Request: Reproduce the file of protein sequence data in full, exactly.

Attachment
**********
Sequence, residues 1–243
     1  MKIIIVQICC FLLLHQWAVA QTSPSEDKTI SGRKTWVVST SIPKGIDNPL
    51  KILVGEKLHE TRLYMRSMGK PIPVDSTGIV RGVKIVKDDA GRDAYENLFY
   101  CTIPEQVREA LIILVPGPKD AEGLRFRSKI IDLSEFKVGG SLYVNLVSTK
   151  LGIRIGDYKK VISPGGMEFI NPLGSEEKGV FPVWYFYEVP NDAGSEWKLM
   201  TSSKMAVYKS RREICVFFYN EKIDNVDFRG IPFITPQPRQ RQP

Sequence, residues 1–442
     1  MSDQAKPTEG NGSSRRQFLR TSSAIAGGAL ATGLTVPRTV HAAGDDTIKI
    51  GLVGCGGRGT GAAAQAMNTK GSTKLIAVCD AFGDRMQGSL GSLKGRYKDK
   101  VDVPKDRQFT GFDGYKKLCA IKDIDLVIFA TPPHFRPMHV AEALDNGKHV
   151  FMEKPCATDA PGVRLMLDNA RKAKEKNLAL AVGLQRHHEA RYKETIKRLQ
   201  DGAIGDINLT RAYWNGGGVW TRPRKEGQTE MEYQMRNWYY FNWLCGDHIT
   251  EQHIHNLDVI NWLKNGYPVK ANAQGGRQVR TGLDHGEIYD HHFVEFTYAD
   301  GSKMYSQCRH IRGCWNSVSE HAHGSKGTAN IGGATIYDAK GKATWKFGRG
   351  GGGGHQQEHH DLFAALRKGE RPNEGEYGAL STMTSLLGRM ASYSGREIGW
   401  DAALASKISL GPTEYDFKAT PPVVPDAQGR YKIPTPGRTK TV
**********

Sequence, residues 1–243
     1  MKIIIVQICC FLLLHQWAVA QTSPSEDKTI SGRKTWVVST SIPKGIDNPL
    51  KILVGEKLHE TRLYMRSMGK PIPVDSTGIV RGVKIVKDDA GRDAYENLFY
   101  CTIPEQVREA LIILVPGPKD AEGLRFRSKI IDLSEFKVGG SLYVNLVSTK
   151  LGIRIGDYKK VISPGGMEFI NPLGSEEKGV FPVWYFYEVP NDAGSEWKLM
   201  TSSKMAVYKS RREICVFFYN EKIDNVDFRG IPFITPQPRQ RQP

Sequence, residues 1–442
     1  MSDQAKPTEG NGSSRRQFLR TSSAIAGGAL ATGLTVPRTV HAAGDDTIKI
    51  GLVGCGGRGT GAAAQAMNTK GSTKLIAVCD AFGDRMQGSL GSLKGRYKDK
   101  VDVPKDRQFT GFDGYKKLCA IKDIDLVIFA TPPHFRPMHV AEALDNGKHV
   151  FMEKPCATDA PGVRLMLDNA RKAKEKNLAL AVGLQRHHEA RYKETIKRLQ
   201  DGAIGDINLT RAYWNGGGVW TRPRKEGQTE MEYQMRNWYY FNWLCGDHIT
   251  EQHIHNLDVI NWLKNGYPVK ANAQGGRQVR TGLDHGEIYD HHFVEFTYAD
   301  GSKMYSQCRH IRGCWNSVSE HAHGSKGTAN IGGATIYDAK GKATWKFGRG
   351  GGGGHQQEHH DLFAALRKGE RPNEGEYGAL STMTSLLGRM ASYSGREIGW
   401  DAALASKISL GPTEYDFKAT PPVVPDAQGR YKIPTPGRTK TV